Robinovitch, Murray Department of Oral Biology, University of Washington School of Dentistry, Seattle, Washington.
- Etiology and pathogenesis
- Additional Readings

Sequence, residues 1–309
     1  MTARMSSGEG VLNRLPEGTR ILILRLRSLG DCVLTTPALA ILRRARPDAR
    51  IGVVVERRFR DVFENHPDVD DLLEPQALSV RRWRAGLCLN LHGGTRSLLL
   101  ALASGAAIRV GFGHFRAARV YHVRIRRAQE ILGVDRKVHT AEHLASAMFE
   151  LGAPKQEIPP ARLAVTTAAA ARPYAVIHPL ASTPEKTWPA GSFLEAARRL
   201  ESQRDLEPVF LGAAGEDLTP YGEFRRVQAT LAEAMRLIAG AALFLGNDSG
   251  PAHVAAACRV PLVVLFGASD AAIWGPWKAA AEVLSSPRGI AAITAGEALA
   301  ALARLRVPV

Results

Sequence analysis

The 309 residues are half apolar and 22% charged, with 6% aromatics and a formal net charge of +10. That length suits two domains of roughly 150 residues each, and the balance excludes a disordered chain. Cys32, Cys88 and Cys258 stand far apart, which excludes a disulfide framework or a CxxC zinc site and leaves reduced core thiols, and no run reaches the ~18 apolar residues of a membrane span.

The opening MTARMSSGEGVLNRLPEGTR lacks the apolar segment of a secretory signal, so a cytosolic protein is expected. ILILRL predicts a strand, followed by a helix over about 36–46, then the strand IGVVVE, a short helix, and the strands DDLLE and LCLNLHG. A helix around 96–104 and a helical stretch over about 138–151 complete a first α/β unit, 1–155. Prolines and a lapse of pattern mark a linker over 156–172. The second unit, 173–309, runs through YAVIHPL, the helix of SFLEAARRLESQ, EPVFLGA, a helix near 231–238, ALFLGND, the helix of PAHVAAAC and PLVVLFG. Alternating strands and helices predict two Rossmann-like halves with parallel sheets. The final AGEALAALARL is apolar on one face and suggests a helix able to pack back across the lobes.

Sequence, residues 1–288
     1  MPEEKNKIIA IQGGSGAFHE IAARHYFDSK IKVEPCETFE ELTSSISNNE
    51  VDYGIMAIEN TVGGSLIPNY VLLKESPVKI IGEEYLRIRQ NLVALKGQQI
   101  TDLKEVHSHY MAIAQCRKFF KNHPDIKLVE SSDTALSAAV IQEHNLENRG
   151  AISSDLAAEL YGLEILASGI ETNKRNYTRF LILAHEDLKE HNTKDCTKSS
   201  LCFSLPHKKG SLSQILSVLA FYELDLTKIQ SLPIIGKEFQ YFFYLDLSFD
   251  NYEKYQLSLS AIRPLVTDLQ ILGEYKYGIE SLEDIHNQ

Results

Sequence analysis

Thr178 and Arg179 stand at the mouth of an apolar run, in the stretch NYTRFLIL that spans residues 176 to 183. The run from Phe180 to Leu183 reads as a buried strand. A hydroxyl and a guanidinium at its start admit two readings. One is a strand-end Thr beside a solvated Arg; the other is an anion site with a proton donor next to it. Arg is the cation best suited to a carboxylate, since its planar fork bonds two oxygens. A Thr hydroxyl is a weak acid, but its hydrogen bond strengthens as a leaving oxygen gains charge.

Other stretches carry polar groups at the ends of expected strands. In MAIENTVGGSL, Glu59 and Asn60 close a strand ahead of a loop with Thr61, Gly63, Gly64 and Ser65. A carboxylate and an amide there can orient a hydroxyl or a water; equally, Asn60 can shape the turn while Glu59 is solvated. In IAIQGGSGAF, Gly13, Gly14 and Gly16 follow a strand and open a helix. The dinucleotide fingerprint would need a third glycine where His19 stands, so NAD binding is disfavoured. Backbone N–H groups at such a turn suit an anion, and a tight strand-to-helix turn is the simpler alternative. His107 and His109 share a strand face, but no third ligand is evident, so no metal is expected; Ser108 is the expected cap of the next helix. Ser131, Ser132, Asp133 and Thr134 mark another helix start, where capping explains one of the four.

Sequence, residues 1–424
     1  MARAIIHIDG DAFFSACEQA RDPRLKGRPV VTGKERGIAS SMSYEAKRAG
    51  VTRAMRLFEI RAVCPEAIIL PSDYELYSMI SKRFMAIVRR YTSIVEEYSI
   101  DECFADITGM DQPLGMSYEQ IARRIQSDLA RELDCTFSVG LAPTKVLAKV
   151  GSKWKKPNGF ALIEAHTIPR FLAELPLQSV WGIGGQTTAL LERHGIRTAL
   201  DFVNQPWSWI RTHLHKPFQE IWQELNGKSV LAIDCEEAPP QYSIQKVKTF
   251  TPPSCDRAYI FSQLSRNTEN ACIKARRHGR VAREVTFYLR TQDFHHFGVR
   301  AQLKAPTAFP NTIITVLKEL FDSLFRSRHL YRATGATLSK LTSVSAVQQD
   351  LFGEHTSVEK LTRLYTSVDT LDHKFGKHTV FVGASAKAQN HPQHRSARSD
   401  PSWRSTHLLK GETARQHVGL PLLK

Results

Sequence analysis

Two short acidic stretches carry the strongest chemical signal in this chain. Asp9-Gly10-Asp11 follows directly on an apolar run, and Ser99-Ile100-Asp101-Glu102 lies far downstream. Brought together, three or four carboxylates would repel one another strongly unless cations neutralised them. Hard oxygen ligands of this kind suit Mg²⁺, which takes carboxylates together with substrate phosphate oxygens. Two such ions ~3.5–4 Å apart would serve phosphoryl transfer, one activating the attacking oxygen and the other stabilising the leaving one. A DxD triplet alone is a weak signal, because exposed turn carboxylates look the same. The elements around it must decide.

A disease in which the mineralized tissues of the tooth undergo progressive destruction from the outside surface of the tooth. It is caused by bacteria that colonize the tooth surface and, under certain conditions, produce sufficient acids to demineralize the enamel covering of the tooth crown or the cementum covering the root, and then the underlying dentin. As the destruction of the dentin progresses, along with breakdown of the organic components, the bacteria invade the dead tissue and enter the pulp chamber. The pulpal tissue becomes infected and the typical toothache may ensue. The infection can ultimately destroy the pulpal tissue and extend out through the apical openings of the roots and into the surrounding periodontal tissues.
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